Transplant and Pulmonary Hypertension

Long-Term Emotional Issues After Transplant Woman looking out over water

Although the overall quality of life after transplant is often greatly improved, some emotional and physical problems can exist. Some fully recovered patients may have difficulty adjusting to functioning independently of caretakers. Alternatively, some patients may find that their family, friends, and co-workers still treat them as though they are ill, though they are fully recovered.

Physical ailments that develop after transplant (such as infection, rejection, or diabetes) can be a strain on the individual and may cause stress on familial or marital relationships. Financial pressures from the continued cost of transplant medications, changes in family roles, and other sources of stress can sometimes overwhelm families and marriages. Only a small percentage of patients return to work, even though a large percentage regains good physical health. Vocational rehabilitation as well as family counseling may be appropriate later in the recovery process.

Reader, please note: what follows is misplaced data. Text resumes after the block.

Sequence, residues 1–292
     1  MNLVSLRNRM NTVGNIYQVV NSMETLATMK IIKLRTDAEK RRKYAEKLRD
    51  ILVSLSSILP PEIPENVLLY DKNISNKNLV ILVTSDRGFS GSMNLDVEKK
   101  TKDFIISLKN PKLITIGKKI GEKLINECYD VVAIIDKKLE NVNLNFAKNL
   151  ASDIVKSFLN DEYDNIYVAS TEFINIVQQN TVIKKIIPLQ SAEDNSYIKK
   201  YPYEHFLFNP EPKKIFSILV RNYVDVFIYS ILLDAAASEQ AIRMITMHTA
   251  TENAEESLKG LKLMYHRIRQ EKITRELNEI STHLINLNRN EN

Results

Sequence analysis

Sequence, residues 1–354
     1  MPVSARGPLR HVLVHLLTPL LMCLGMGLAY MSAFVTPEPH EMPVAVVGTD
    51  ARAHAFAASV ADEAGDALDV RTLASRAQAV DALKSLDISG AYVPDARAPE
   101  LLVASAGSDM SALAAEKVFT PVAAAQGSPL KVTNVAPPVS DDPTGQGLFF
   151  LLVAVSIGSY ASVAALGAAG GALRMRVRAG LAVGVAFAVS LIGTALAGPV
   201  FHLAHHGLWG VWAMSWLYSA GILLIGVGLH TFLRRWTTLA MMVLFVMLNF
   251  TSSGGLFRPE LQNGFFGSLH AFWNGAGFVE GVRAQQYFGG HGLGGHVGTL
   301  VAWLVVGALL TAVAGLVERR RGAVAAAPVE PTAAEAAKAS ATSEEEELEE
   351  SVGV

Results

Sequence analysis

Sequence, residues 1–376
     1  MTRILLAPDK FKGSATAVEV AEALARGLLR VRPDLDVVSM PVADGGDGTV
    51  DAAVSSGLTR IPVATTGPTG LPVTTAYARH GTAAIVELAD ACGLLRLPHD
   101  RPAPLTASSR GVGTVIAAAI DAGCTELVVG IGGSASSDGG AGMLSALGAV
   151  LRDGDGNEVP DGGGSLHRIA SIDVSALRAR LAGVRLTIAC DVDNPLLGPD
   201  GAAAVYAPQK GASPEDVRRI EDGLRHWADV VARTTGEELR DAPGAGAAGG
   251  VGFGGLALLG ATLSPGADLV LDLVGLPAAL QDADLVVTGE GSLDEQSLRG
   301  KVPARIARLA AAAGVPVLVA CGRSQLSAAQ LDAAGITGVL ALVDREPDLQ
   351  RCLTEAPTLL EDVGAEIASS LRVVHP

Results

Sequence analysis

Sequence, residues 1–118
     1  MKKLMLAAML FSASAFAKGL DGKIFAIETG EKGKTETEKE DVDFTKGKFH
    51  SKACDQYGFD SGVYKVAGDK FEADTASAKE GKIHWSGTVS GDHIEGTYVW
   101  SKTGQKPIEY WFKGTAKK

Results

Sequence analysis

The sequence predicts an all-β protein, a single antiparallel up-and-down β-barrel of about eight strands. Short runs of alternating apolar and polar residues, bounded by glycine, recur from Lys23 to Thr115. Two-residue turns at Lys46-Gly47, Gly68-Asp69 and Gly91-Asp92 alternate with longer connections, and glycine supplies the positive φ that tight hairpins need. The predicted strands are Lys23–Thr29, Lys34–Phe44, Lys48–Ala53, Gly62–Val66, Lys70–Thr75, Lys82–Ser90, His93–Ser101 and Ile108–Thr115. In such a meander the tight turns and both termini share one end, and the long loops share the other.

This information is not to suggest that transplant recipients are unhappy individuals. Receiving new lungs or a new heart and lungs can radically improve the life of the recipient. It is important, however, that transplant patients recognize the possible emotional impact of receiving a transplant.


Language Based on Treatment Fact Sheet Issued by PHA's Scientific Leadership Council

To review Conflict of Interest Disclosures for PHA's medical leadership, visit: Disclosures
Last reviewed in 2009

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The National Organization for Rare Disorders (NORD) awarded PHA the Abbey S. Meyers Leadership Award in 2012 for outstanding service to PHA members in advocacy, education and other key areas.